At the bottom you'll see a link to a pdf containing the schematic.
To trigger your CHDK enabled camera we'll be using the USB remote function. In this case we have to use it via the 'syncable' method, which is lightning fast compared to the normal USB remote
The syncable remote also operates differently. It triggers the camera on the falling edge instead of the rising edge of the 5-volt signal. When the camera detects the 5 volt USB signal, it gets ready to take a shot, waiting for the voltage to fall to zero.
There are high-speed camera trigger circuits floating around the 'net but I couldn't find any for syncable USB. So I cobbled together the circuit below.
It uses a 556 timer IC, an inverter, a photoresistor and some caps and resistors.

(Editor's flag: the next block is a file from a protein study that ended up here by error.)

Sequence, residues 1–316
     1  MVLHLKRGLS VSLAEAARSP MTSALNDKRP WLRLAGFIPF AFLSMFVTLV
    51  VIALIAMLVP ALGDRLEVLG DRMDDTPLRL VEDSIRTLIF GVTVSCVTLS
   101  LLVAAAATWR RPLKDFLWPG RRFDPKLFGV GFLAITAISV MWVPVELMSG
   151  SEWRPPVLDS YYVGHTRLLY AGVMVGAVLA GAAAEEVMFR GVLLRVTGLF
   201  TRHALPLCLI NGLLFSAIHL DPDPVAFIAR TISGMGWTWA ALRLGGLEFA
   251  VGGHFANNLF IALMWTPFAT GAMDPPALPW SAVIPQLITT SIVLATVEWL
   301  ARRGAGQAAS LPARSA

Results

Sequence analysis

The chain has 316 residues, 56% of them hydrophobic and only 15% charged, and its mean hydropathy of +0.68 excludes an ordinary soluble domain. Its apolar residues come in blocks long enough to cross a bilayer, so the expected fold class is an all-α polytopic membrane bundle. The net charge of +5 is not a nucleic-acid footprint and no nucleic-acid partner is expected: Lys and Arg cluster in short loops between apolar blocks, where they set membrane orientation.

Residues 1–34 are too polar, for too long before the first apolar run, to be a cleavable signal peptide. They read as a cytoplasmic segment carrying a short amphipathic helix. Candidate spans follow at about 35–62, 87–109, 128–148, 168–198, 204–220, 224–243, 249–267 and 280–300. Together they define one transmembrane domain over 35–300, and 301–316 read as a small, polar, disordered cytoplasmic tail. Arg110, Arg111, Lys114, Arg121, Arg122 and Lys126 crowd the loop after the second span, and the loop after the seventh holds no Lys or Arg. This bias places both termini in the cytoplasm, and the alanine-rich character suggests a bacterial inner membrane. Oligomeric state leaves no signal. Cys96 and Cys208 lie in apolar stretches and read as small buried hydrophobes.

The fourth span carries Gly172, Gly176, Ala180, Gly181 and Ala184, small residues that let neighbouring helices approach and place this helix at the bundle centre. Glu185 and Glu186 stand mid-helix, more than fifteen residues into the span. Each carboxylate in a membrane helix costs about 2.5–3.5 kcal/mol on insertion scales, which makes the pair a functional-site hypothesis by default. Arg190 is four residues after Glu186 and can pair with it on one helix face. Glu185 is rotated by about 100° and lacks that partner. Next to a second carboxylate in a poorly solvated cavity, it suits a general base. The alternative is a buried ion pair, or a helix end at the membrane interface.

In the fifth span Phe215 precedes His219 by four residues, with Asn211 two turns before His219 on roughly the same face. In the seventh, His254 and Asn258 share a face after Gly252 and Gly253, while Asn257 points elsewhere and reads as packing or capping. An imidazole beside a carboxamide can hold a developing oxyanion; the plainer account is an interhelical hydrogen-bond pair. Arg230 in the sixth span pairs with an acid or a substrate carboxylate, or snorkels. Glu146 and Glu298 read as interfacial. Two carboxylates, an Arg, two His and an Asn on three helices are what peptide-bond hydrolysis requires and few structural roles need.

The dollar store had a USB cable identical to the one my camera uses. I lobbed one end off of it, instead of wrecking the one that came with my camera.
A 5-volt power supply is needed to power the circuit. If you don't have one, pick up a cheap USB charger, or add a 7805 voltage regulator to the circuit.
The photoresistor is not on the circuit board; it's mounted on a small piece of perf board at the end of a short cable. Glue some magnets onto the back for easy alignment with the laser.
The circuit should be built first on a bread-board and tested. Once you're sure everything is working then either etch a circuit board or use a prototype board like I did. Or just continue using the circuit on the bread-board.
NOTE: OCT 2nd, 2009 There was a huge mistake in the schematic that instructable member toxoof pointed out. The PDF has been corrected.
OCT 19, 2009: another error has been found in schematic. Arrrggggg!
July 30, 2010: Schematic revised to use photoresistor
Download the pdf here: Schematic